For the beta statistics being selected by knob 23, switch 45 is not connected to the output of inverting amplifier 44. Instead, the output of amplifier 44 is coupled through switch 46 to an input of antilog converter 47. Switch 46 is controlled by the position of knob 23 so that the output of amplifier 44 drives the input of converter 47 only when the knob is adjusted to select the beta statistics. For selection of the log normal statistics, knob 23 activates switch 46 so that the output of amplifier 44 is decoupled from switch 45 and square root device 19.

In the log normal configuration, switch 38 is activated so that the output of low pass filter 35 is coupled to an input of operational summing amplifier 48. A further input to amplifier 48 is derived from log normal offset potentiometer 25. The output signal of amplifier 48 is selectively coupled through switch 46 to the input of antilog converter 47 when knob 23 is adjusted to select the log normal statistics.

Antilog converter 47 responds to its input, whether from the chi-squared voltage output of amplifier 48, to transform the input voltage thereof into an output voltage having a magnitude porportional to the base of natural logarithms (e) raised to a power proportional to the value of the input voltage. Thereby, the output voltage of antilog converter 47 is represented as:

eA, where A is proportional to the magnitude of the input voltage to the antilog converter.

In one embodiment, antilog converter 47 may be a logarithmic amplifier connected in the feedback loop of a high gain amplifier. Such a unit is available as Burr Brown, Model 4116.

The output signal of antilog converter 47 is selectively applied through switch 51 to an input of operational scaling amplifier 52. Switch 51 is controlled by the position of knob 23 so that for the log normal statistics, the output of the converter 47 is applied to the input of amplifier 52, the gain of which is adjusted to enable the desired maximum range of output voltages to be applied between electrodes 15 and 16 of crystal 14. In the log normal mode, the output signal of scaling amplifier 52 is applied through switch 53 to a further, fixed gain operational amplifier 54. For the beta statistics, switches 51 and 53 are activated by knob 23 so that scaling amplifier 52 is bypassed, whereby the output signal of antilog converter 47 is applied directly to the input of amplifier 54. The output signal of amplifier 54 represents either the beta or log normal statistics and is applied between electrodes 15 and 16 via switch 45 in response to knob 23 being positioned to select either the log normal or beta statistics.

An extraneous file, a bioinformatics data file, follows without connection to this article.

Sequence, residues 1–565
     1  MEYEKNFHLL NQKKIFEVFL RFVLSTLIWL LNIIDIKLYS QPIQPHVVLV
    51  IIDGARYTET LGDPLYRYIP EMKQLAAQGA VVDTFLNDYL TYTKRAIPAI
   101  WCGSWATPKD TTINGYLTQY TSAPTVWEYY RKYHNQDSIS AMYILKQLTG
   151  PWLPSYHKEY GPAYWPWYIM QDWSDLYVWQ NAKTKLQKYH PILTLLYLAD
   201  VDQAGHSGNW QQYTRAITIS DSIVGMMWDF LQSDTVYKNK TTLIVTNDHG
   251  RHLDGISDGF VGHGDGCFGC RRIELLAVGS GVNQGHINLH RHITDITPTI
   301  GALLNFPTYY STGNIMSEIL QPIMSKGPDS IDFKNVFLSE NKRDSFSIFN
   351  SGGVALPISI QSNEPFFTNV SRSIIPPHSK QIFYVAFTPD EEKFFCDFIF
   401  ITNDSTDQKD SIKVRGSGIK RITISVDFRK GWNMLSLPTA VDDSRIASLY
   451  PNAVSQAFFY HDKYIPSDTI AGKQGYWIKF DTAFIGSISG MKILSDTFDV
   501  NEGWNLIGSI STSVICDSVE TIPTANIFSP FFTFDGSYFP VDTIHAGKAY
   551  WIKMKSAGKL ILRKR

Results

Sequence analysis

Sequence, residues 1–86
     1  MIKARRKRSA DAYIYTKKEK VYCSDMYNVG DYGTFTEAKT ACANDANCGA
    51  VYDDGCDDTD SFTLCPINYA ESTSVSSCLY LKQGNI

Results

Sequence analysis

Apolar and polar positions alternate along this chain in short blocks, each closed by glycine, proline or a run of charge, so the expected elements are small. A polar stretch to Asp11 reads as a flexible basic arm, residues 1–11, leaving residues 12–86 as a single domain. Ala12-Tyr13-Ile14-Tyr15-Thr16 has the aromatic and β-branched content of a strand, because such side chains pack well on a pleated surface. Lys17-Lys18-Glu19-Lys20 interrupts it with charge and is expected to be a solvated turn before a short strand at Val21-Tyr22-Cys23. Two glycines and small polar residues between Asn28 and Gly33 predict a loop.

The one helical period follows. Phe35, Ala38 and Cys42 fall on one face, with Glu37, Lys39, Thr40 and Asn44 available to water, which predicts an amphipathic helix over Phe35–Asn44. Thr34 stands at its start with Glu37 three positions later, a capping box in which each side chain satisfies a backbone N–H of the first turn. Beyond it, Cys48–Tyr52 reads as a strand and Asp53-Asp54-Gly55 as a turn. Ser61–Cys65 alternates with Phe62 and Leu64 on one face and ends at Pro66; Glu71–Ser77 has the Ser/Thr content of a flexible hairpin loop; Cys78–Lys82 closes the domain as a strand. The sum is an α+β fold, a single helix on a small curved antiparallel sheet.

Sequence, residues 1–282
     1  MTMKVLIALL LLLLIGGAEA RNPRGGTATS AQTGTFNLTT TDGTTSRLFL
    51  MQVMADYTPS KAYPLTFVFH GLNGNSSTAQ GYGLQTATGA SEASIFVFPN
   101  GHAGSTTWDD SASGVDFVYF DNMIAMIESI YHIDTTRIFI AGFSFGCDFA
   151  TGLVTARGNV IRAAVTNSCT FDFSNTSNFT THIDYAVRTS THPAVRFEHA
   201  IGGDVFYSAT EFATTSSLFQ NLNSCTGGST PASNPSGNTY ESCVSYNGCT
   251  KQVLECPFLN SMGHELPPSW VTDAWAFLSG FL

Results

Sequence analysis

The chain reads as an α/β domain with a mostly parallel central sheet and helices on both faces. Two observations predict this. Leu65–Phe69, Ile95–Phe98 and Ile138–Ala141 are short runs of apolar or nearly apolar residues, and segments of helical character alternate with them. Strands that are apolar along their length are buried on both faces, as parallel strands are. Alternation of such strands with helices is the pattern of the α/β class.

The circuit of FIG. 2 applies voltage variations between electrodes 15 and 16 in accordance with Equations 1-3. For the beta statistics, switches 38, 46, 51, and 53 are adjusted so that the output voltage of amplifier 54, as coupled through switch 45, is:

IM = C10e-.sup.(.sup.[1n 10]/5) .sup.[(X.sbsp.t.sbsp.p.sbsp.2.spsp.2 + X.sbsp.t.sbsp.p.sbsp.5.spsp.2)/20]                   (4)

where:

Xtp2 and XTP5 are zero, mean, equal variance, Gaussian random signals derived from low pass filters 31 and 35.

Since ρ2 in Equation (1) is a chi-squared random variable of two degrees of freedom corresponding to two independent orthogonal Gaussian tracking error signals, Equation (4) is an accurate simulation of Equation (1).